The Federal Bureau of Investigation’s Next Generation Identification System, a biometric database reliant on tens of millions of facial-recognition records, is now fully operational, the agency announced Monday.
The NGI system, after three years of development, is billed by the FBI as a new breakthrough for criminal identification and data-sharing between law enforcement agencies.
“This effort is a significant step forward for the criminal justice community in utilizing biometrics as an investigative enabler,” the FBI said in a statement.
The NGI database contains over 100 million individual records that link a person’s fingerprints, palm prints, iris scans and facial-recognition data with personal information like their home address, age, legal status and other potentially compromising details.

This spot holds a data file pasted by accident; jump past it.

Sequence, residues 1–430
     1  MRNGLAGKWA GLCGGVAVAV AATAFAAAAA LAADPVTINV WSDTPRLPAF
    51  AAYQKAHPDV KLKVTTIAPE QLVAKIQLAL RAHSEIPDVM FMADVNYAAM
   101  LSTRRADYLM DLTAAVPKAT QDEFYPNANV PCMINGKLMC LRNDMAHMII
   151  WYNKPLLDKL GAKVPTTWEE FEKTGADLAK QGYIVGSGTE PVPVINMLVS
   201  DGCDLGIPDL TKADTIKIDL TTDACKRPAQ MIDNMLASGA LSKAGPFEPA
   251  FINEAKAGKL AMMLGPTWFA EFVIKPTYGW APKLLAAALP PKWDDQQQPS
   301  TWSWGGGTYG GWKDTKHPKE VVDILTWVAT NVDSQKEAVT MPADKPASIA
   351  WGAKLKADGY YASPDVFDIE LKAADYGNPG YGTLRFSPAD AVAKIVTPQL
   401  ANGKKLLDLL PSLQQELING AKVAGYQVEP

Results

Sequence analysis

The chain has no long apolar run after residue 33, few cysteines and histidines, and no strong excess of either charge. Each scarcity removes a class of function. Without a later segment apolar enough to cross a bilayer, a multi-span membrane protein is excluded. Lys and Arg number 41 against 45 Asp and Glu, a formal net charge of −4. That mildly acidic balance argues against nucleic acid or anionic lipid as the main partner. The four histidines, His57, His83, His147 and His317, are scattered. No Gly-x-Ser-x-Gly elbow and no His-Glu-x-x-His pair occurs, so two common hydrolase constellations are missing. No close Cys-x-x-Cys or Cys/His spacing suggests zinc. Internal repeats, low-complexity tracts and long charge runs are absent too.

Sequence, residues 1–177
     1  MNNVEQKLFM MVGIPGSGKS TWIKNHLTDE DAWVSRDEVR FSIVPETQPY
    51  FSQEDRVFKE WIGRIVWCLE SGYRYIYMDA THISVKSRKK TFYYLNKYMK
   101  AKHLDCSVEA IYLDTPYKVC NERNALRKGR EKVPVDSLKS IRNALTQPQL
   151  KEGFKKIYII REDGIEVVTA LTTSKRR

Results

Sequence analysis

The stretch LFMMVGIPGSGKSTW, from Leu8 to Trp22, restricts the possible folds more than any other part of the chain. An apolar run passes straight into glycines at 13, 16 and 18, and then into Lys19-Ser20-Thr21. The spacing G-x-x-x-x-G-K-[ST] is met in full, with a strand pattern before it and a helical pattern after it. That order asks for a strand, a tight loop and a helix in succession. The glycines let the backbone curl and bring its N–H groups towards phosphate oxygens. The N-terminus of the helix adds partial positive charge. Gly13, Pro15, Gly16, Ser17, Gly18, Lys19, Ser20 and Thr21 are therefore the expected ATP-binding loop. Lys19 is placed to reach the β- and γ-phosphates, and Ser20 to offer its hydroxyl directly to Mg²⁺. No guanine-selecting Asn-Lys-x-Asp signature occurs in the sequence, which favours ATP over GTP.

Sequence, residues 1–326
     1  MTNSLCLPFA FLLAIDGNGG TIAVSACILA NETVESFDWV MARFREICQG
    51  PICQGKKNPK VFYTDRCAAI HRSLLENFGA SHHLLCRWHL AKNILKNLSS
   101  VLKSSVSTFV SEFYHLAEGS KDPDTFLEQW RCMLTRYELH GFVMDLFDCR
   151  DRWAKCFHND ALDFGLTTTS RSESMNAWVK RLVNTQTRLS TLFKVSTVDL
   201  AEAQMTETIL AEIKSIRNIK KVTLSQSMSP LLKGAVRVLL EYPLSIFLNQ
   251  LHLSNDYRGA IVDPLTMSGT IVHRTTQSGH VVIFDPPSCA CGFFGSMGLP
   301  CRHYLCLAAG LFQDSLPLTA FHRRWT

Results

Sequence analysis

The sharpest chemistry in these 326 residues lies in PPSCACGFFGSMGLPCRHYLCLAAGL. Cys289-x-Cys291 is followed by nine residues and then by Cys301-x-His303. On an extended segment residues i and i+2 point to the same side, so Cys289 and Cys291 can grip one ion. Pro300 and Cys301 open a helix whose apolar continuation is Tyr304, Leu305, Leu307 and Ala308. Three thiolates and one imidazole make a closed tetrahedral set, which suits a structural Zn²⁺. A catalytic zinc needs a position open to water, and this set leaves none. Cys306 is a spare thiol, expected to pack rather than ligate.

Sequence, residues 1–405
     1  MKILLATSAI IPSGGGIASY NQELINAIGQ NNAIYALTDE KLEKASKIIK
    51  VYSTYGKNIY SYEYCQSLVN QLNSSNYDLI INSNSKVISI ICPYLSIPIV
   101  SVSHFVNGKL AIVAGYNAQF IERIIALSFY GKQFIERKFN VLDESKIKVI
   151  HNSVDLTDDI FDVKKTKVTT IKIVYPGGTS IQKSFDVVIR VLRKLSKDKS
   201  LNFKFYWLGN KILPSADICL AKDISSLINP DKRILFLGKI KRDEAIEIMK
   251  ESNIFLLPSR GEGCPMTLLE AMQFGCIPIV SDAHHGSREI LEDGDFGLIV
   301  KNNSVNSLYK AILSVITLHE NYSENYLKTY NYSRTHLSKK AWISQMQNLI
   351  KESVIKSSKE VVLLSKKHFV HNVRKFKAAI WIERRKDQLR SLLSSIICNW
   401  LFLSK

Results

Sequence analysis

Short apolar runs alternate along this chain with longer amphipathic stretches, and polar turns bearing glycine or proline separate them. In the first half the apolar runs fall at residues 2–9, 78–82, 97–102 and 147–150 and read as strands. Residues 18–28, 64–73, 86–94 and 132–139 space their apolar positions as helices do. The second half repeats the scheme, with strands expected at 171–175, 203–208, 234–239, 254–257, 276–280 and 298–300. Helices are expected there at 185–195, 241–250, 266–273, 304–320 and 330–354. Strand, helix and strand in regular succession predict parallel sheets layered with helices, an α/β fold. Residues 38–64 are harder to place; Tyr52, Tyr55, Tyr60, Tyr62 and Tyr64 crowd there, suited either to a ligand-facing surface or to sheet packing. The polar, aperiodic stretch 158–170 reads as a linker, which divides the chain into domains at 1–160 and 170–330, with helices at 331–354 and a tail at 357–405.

Perhaps the most controversial aspect of the NGI is the facial-recognition information, which civil liberties advocates have said for years is among the most serious future threats to Americans’ privacy. The NGI database is expected to contain 52 million facial-recognition images alone by 2015.
The FBI said Monday that two new features of the database are now complete, capping off the NGI’s“operational capability.”